Sunday 18 November 2018

Paisley steps down from pulpit after 60 years of preaching

Former moderator and founder of
the Free Presbyterian Church Ian Paisley after his final
sermon yesterday
Former moderator and founder of the Free Presbyterian Church Ian Paisley after his final sermon yesterday
Dr Paisley during a demonstration outside Canterbury Cathedral in 1970

Claire McNeilly

A LITTLE bit of history was made last night when Ian Paisley delivered his last sermon from the pulpit.

The former Northern Ireland First Minister and DUP leader has already retired from politics and now his ministry, which has spanned more than 60 years, is also winding down.

The 85-year-old gave his last sermon at the packed Martyrs' Memorial Church on the Ravenhill Road in Belfast.

Ahead of his final sermon, Dr Paisley said he was relinquishing some duties as he prepared to write his memoirs.

"People are facing the fact that we're all getting older and they have to look that straight in the face; you can't go on forever," Dr Paisley said.

He said he didn't have any unfulfilled ambitions, apart from writing about some of the "very interesting happenings" he has experienced in his life.

"There's a public image of man and a private image and I think the interesting thing is the comparison of both," Dr Paisley said.

"We're all weak and the strongest man is only a pygmy. I'm delighted that people are prepared to listen to me."

Last month he broke the news to his congregation that he was standing down from the Free Presbyterian Church.

But last night he vowed not to do a disappearing act from the church he helped establish 60 years ago.

He will remain the pastor emeritus and do a small amount of church-related work.

"I'll be back in pulpits but not in the sense of being in charge of the church," he said.


Highlighting the achievements of his long career, Dr Paisley said his ministry was one of converting people who were far away from the Gospel.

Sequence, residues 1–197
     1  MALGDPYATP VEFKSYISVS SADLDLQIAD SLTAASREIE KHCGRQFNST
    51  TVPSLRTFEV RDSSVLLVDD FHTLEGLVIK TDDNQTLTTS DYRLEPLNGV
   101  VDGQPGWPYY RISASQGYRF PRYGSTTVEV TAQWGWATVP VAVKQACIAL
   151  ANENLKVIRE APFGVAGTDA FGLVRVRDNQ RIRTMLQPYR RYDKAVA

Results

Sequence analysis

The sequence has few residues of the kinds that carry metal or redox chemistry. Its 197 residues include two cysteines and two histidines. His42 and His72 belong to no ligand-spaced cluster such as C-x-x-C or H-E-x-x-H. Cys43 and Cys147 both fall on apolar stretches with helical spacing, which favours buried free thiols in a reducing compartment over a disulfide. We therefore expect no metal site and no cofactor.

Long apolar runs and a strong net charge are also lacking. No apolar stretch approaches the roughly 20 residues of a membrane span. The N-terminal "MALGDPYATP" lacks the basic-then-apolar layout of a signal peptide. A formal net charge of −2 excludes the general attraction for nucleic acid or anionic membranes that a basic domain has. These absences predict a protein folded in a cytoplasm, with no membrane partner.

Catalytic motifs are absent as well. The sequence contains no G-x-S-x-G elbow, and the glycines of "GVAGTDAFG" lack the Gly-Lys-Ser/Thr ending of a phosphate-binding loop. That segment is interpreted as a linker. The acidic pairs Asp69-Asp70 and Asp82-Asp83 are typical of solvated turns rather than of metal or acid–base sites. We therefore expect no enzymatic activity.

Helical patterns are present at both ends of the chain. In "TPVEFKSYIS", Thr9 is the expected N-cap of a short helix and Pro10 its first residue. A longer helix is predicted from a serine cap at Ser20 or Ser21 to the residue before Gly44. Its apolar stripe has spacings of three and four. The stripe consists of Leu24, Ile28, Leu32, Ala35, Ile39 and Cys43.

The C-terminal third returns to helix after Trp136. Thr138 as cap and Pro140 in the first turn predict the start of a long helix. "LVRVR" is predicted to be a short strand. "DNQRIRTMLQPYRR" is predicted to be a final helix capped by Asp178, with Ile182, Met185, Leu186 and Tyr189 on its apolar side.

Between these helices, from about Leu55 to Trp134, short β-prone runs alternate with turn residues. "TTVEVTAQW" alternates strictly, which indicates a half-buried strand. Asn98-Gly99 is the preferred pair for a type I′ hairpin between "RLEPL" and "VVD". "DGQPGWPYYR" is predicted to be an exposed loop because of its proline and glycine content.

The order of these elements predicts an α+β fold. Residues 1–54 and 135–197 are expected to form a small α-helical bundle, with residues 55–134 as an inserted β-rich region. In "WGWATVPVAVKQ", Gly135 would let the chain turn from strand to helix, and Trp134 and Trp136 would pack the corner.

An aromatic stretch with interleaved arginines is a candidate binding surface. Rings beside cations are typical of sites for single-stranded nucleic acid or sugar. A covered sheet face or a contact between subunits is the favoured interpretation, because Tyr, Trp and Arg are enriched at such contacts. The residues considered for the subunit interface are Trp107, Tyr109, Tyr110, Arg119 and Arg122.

"I have seen people change, enjoying the peace of God," he said.

"My last sermon will be very interesting because it's about things you can't beat God on such as eternity and death.

"Mankind is put in his proper place by God and if you face up to the omnipotence of God and the ambitions of God and so on, man is a very poor person and he needs the strength of the almighty to get him through."

First Minister of the Stormont Assembly until 2008, he set up the Free Presbyterian Church in 1951 after a split with the main Presbyterian Church.

The Armagh-born leader, who stepped down as an MEP in 2004 and retired as MP for North Antrim after 40 years ahead of the 2010 general election, was moderator of the church he founded for most of its history.

Known throughout the world as a powerful evangelical orator, he stepped down from the role three years ago, but continued to preach in Martyrs' Memorial.

The former DUP leader, who has been at the forefront of political and religious life in the North during his long career, said he has never set out to offend Catholics and intended to remain active during his retirement.

"I will be telling some stories that will make some people laugh and others blush," he said.

A spokesman for the Catholic Diocese of Down and Connor said: "We wish Rev Ian Paisley best wishes and every blessing in his retirement."

Irish Independent

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